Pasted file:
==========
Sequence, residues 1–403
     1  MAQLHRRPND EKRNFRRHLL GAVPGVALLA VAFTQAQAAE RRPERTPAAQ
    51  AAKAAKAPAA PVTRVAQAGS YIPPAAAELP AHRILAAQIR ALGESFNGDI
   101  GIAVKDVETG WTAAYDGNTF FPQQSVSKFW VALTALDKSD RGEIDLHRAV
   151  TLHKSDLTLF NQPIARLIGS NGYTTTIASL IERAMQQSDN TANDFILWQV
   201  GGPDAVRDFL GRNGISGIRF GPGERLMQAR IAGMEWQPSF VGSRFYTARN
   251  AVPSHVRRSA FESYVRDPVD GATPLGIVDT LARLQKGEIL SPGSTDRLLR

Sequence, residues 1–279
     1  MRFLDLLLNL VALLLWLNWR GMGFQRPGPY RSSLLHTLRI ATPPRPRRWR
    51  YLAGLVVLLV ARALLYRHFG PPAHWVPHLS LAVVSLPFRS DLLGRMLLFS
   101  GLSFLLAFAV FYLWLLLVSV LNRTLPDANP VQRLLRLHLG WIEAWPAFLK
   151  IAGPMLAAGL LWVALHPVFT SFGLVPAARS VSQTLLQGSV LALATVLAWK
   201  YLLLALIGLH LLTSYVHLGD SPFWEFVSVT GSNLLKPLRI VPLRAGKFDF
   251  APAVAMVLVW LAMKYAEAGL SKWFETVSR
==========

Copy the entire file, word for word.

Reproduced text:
Sequence, residues 1–403
     1  MAQLHRRPND EKRNFRRHLL GAVPGVALLA VAFTQAQAAE RRPERTPAAQ
    51  AAKAAKAPAA PVTRVAQAGS YIPPAAAELP AHRILAAQIR ALGESFNGDI
   101  GIAVKDVETG WTAAYDGNTF FPQQSVSKFW VALTALDKSD RGEIDLHRAV
   151  TLHKSDLTLF NQPIARLIGS NGYTTTIASL IERAMQQSDN TANDFILWQV
   201  GGPDAVRDFL GRNGISGIRF GPGERLMQAR IAGMEWQPSF VGSRFYTARN
   251  AVPSHVRRSA FESYVRDPVD GATPLGIVDT LARLQKGEIL SPGSTDRLLR

Sequence, residues 1–279
     1  MRFLDLLLNL VALLLWLNWR GMGFQRPGPY RSSLLHTLRI ATPPRPRRWR
    51  YLAGLVVLLV ARALLYRHFG PPAHWVPHLS LAVVSLPFRS DLLGRMLLFS
   101  GLSFLLAFAV FYLWLLLVSV LNRTLPDANP VQRLLRLHLG WIEAWPAFLK
   151  IAGPMLAAGL LWVALHPVFT SFGLVPAARS VSQTLLQGSV LALATVLAWK
   201  YLLLALIGLH LLTSYVHLGD SPFWEFVSVT GSNLLKPLRI VPLRAGKFDF
   251  APAVAMVLVW LAMKYAEAGL SKWFETVSR